According to Patterson, “quants” was a name given to “traders and financial engineers who used brain-twisting math and super-powered computers to pluck billions in fleeting dollars out of the market.” In a major departure from traditional trading – evaluating individual companies’ management, performance and competitive positions – the quants used mathematical formulae to wager on which stocks will rise or fall.

Because of breakthroughs in the application of mathematics to financial markets – some of them so novel so as to have won their discoverers Nobel Prize awards — quant funds had quickly come to dominate Wall Street, with most of them piling up profits day after day. (To the senior brass at the investment houses, who likely knew little if anything about how these funds operated except that they made a lot of money, a hands-off policy seemed just the thing.)

And just as in so many other fields, technology elevated the “nerds” to the position of “stars” – with commensurately stratospheric compensation.

Unfortunately, in September 2008 the quant funds could not anticipate the effect of the collapse of the housing market bubble. In fact, this development turned the mathematical formulae of the quant funds on their head: What should have declined, rising … and what should be going up, dropping.

Patterson’s book promises to go into the details of just how things spun out of control, as seen through the eyes of key Wall Street managers such as the piano-playing, songwriting Peter Muller, founder of Morgan Stanley’s Process Driven Trading (PDT) quant fund, and Cliff Asness, formerly of Goldman Sachs and leader of the Applied Quantitative Research (AGR) quant fund.

In addition to presenting all the facts and all the drama, I’m hoping that Patterson will offer a few observations on how we can avoid a debacle like this from happening again in the future.

Another key question is whether any of the proposed regulations being debated in Congress will address the practices of quant funds – or is it all too complicated for anyone to figure out?

If that’s so, it’s pretty scary.

Twitter’s Law of Unintended Consequences

As I’ve outlined in a recent blog post, where Twitter has shown it has “legs” isn’t in the area most hyped by its founders.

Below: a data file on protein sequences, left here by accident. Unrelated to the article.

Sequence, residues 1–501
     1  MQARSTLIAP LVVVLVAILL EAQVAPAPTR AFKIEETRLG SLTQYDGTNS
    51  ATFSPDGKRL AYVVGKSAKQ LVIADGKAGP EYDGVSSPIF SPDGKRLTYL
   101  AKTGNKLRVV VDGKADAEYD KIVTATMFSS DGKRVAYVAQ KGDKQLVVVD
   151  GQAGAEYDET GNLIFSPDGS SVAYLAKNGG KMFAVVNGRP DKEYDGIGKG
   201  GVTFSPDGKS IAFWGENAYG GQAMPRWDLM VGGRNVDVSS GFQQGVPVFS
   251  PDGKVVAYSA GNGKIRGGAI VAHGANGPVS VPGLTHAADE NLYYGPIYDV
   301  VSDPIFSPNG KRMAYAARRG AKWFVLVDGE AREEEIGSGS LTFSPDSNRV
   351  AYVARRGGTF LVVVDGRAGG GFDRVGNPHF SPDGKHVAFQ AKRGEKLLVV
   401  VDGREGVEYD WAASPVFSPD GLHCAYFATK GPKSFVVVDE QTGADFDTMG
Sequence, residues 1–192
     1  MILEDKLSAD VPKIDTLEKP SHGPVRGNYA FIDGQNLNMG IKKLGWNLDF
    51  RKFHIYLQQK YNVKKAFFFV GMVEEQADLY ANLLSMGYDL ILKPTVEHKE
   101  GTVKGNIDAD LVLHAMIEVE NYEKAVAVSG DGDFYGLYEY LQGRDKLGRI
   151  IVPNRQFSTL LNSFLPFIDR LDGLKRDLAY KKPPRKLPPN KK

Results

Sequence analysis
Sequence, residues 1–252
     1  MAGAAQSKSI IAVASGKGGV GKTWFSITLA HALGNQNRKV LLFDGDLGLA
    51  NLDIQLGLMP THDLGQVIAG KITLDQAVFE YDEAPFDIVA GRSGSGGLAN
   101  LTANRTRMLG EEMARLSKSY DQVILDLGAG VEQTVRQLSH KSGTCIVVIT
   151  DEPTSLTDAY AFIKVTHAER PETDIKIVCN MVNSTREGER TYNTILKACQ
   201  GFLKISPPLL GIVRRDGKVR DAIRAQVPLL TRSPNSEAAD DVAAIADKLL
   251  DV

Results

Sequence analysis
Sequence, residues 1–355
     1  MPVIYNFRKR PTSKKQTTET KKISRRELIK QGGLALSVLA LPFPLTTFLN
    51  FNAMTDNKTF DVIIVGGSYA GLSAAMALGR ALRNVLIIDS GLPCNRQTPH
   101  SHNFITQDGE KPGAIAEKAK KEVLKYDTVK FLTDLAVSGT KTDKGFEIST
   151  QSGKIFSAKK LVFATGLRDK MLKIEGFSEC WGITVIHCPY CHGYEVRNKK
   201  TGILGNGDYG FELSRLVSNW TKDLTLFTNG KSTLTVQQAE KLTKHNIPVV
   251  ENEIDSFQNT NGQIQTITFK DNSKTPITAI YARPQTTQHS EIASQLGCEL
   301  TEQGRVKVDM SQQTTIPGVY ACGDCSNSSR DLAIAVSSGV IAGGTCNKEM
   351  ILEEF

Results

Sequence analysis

As it turns out, “What are you doing?” hasn’t been much of a foundation for building a money-making social media platform. And in fact, the inevitable media backlash has now set in — even as the number of new Twitter users have begun to plateau and the majority of current members use the service hardly at all.

But hard on the heels of the Iranian and Moldovan unrest, in which Twitter played an important role facilitating the organizing of anti-government public demonstrations, comes another use of Twitter that few could have foreseen.

A recent article by Steven Sears in Barron’s Magazine outlines how Twitter is being used to affect the share price of stocks. According to Sears, “Before the market opens and throughout the trading day, Twitter lets you tap into market-moving news .. and link through attached URLs to more detailed analysis … You can control your information streams by deciding who to follow, and who can follow you.”

That’s hardly revolutionary behavior. But here’s the interesting part: By law, brokers must save instant messages and e-mail correspondence, but no such mandate exists for tweets on Twitter.

What this means is that some of the more sensitive information or speculation about a company makes it onto Twitter long before it’s broached elsewhere.

One example noted in the Sears article was Matrixx Initiatives, the manufacturer of Zicam nasel spray. Speculation that using Zicam might damage people’s sense of smell started to circulate on Twitter. The result? The stock price fell dramatically from $19 to $13 … and those following the news about Matrixx on Twitter were “in the know” a lot sooner than others.

So here we have yet another example of the unintended consequences of adopting new communications techniques. Twitter is effectively replacing instant messaging capabiliites — without the attendent legal paper-trail requirements.

I wonder what’s next?